Farming the Historic Landscape

The need for information

Effective conservation or restoration requires a thorough understanding of the building or site. Obtaining specialist advice early on in any conservation or restoration programme will minimise the risk of expensive delays, unexpected problems and the destruction of important information about the past.

The importance of the building in terms of its architectural, historic and landscape value will often need to be assessed at the beginning of a conservation scheme, even if the building is not listed.

Careful analysis of a building may reveal important information about the way the building was constructed, altered and used in the past. Often the evidence is in small details, such as empty joints and peg holes in timber. Provision for properly recording and reporting on the meaning of such features may be required. On farmsteads that have medieval origins, there may also be archaeological evidence for earlier buildings or uses on the site.

(D) Keeping historic farm buildings in active farm use is the best way of safeguarding their character: thatched cowshed at Over Wallop, Hampshire. Photograph: Hampshire County Council.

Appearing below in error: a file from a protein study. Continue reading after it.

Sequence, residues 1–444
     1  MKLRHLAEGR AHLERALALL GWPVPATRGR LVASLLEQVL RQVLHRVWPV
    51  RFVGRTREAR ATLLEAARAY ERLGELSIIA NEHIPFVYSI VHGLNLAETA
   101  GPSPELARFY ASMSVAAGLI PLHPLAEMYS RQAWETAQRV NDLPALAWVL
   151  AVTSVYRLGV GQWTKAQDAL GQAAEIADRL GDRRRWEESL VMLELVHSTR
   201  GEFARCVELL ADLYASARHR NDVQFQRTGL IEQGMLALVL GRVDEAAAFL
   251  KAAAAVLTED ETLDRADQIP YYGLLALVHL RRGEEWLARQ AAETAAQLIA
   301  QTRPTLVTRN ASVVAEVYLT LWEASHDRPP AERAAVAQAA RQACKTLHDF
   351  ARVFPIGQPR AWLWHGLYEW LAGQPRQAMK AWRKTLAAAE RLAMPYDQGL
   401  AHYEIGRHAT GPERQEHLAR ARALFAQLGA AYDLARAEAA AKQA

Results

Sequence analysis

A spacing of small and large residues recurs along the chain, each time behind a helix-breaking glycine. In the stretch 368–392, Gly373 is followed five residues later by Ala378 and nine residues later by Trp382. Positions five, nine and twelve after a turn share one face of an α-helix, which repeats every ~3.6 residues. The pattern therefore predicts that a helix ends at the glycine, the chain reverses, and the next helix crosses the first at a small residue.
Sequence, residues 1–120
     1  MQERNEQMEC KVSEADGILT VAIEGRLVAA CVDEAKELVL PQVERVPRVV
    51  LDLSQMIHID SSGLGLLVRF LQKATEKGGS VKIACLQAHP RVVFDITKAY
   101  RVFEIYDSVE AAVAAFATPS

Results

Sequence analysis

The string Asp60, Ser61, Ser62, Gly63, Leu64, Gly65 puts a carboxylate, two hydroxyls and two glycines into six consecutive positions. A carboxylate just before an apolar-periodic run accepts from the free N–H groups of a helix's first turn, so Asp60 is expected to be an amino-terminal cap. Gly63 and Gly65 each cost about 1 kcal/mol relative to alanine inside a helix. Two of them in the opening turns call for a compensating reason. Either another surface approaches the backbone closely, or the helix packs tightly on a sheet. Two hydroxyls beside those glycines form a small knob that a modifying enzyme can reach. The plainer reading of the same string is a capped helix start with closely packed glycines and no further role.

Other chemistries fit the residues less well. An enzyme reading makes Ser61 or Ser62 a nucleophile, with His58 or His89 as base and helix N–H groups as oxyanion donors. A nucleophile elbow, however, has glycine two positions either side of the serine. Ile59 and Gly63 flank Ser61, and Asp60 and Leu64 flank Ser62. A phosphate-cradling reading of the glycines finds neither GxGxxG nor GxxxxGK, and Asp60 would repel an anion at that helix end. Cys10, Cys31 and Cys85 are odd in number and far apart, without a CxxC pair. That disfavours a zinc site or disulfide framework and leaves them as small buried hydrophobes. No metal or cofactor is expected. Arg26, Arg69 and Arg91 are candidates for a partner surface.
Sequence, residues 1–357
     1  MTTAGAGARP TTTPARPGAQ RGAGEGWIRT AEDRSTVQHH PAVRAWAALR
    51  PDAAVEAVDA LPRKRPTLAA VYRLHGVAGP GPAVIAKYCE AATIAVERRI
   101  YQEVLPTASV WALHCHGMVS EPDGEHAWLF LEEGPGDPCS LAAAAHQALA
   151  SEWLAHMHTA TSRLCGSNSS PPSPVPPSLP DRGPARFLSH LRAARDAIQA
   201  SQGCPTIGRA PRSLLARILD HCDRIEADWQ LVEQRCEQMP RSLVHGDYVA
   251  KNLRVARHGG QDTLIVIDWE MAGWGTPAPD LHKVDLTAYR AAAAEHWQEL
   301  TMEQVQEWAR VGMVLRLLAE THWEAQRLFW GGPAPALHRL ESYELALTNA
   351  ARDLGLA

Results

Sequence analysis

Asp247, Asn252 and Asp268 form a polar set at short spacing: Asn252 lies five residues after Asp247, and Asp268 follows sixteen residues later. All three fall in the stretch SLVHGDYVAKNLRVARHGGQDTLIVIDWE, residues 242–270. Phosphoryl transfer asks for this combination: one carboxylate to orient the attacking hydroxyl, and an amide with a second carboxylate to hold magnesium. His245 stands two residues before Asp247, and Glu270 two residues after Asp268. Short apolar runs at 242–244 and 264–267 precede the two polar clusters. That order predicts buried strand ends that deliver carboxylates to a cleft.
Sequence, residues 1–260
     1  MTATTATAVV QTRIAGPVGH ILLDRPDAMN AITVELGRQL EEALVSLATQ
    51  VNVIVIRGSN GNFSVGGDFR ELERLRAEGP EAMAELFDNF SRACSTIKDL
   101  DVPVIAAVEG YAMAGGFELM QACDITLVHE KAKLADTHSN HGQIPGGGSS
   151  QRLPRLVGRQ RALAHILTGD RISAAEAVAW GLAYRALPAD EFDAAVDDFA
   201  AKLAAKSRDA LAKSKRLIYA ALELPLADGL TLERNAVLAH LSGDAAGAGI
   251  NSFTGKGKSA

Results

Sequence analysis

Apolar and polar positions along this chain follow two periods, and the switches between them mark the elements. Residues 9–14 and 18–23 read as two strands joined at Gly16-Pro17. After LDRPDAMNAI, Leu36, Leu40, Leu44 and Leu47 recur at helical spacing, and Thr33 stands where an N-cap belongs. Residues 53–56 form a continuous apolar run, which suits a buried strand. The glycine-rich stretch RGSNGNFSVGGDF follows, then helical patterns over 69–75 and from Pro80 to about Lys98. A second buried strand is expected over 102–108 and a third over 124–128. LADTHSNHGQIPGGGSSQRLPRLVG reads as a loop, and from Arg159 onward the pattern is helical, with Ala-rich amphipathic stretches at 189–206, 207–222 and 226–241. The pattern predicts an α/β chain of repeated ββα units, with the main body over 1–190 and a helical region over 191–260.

(E) Interior fixtures and fittings are an important aspect of historic character and should be retained wherever possible. Interior of traditional cow house attached to a timber-framed barn, Norfolk.  Photograph: English Heritage.

(F) Agricultural buildings other than barns and farmhouses, such as this pigsty in the Dales, are under-represented in the statutory lists but make an important contribution to the character of the farmyard. Photograph: Defra.

Where a major conservation scheme is being undertaken, analysis of the importance of a building, its fabric and particular elements within it, such as animal stalls, should inform the work of other specialists, such as architects and structural engineers, guiding decisions on the use of particular conservation techniques. Architects, surveyors or structural engineers employed to manage and advise on schemes should be experienced in the conservation of traditional buildings. Building contractors should have proven experience of the traditional building techniques required. The Local Authority Conservation Officer should be able to provide contact details of historic building consultants able to undertake survey and analysis of farm buildings.

ADLib logo Content provided by the Agricultural Document Library
© University of Hertfordshire, 2011